“Scrum is founded on empirical process control theory” says the Scrum Guide. That really just means that rather than just guessing, we base our decisions on observations. We experiment and we learn.
To help with these observations and to see how we’re improving over time (or not!), we measure things. Metrics are useful for several different purposes:
1. Product performance
These metrics will be based on whatever our main focus is right now, for example:
- The number of new user registrations per week
- How much time each user spends with our product each week
- How many visitors we get each week
When will a particular feature be finished? What features are we likely to have when? A couple of examples:
- Velocity (story points completed per sprint or the number of stories completed, if all stories are small)
- Release burn up (the total scope of the release in points or stories and how many we have done so far, enabling us to forecast when we are likely to finish)
3. Continuous improvement
Are we getting better at what we are doing, e.g.
- How much value do we deliver each sprint? This can be hard to assess but one way to do it might be using value poker.
- Team happiness, for example using the Spotify healthcheck model.
Choosing the right metrics
When choosing what to measure, there are several things to consider:
1. Don’t impose metrics on the team
Work together with the team to identify what to measure. They are the ones who get measured. Make sure they agree that what is measured is important and that improving these metrics would be valuable.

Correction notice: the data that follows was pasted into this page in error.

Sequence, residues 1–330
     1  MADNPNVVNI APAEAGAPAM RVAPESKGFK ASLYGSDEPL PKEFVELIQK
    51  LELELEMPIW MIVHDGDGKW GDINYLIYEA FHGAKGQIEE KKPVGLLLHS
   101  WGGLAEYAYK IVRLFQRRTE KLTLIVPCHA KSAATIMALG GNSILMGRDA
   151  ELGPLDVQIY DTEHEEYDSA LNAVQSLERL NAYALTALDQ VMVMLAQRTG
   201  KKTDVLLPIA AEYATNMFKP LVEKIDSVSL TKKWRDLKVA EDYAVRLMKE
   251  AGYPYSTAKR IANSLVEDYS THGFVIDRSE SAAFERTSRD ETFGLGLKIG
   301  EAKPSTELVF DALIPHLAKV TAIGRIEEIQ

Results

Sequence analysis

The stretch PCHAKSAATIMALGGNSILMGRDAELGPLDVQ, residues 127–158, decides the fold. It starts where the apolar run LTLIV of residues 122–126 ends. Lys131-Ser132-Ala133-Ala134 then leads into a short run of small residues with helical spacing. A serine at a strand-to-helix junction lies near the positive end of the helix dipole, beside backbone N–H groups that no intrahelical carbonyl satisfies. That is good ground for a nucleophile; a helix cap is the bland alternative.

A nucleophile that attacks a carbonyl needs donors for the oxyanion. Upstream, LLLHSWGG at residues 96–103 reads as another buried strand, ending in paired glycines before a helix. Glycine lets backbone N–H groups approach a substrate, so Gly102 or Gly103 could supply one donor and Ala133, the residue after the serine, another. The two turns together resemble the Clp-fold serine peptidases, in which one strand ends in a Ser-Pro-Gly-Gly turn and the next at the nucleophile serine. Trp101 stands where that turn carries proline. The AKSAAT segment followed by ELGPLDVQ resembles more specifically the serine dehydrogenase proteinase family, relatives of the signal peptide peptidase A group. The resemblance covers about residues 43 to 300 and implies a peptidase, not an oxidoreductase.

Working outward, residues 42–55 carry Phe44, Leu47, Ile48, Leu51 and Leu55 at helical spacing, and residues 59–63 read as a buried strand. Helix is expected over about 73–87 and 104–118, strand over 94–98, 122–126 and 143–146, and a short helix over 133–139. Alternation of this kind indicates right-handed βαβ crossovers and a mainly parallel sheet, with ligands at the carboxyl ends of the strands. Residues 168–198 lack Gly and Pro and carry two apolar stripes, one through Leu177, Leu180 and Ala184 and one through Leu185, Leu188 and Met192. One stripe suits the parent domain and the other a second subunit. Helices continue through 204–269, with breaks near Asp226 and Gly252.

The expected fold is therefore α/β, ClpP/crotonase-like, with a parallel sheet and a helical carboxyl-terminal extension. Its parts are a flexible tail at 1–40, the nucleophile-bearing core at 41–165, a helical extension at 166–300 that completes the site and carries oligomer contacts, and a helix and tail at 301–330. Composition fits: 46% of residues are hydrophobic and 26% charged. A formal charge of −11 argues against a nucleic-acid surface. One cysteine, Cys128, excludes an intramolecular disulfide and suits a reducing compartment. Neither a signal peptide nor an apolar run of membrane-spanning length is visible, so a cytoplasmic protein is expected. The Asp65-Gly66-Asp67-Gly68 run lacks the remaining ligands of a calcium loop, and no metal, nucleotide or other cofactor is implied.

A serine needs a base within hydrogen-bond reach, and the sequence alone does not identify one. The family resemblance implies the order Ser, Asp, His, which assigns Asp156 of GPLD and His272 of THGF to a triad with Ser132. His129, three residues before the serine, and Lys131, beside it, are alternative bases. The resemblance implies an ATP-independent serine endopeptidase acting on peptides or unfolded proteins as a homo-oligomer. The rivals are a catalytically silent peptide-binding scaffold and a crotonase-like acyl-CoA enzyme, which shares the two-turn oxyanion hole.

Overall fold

2. Make sure the metrics are within the team’s control and important
This should go without saying but if the team can’t do anything to affect a metric or if what is measured doesn’t matter, that particular metric is not the right one for the team.
3. Don’t measure things “just in case”
Not only will extra metrics require extra work. Measuring too many things also makes it hard to know what is important.
4. Pick “cheap” metrics
If it’s too much work gathering the numbers, chances are it won’t happen. The more automatic a metric is to generate, the better! But don’t move your sprint task board into an electronic tool fore the sole purpose of generating data.
5. Make the metrics visible
A spreadsheet hidden on the Scrum Master’s laptop or on a shared company drive isn’t of much use. Out of sight is out of mind. Instead, make the metrics visible through big charts on a whiteboard (great, as it is easy to update!) or a wall.
6. Add metrics when needed and remove them when not
When some particular problem or goal has been identified, introduce metrics to determine whether the solution is working. For example, if the number of bugs is getting big, you may want to visualise the total number of outstanding bugs and how many were introduced and how many were fixed in each sprint.
And when the metric is no longer useful, simply stop measuring it and focus on something more important instead.
7. Look at the trend
When it comes to continuous improvement, the numerical value of each metric is often not that important. What matters is how the value changes over time. Are things moving in the right direction?
Make use of your metrics!
So, these are some criteria for good agile metrics. However, remember that measuring things in itself doesn’t have any . It is only useful if you act on what they tell you!
I hope you found this blog post, which is a rewrite of a previous post, useful. What agile metrics do you use? Share your experiences in the comments below!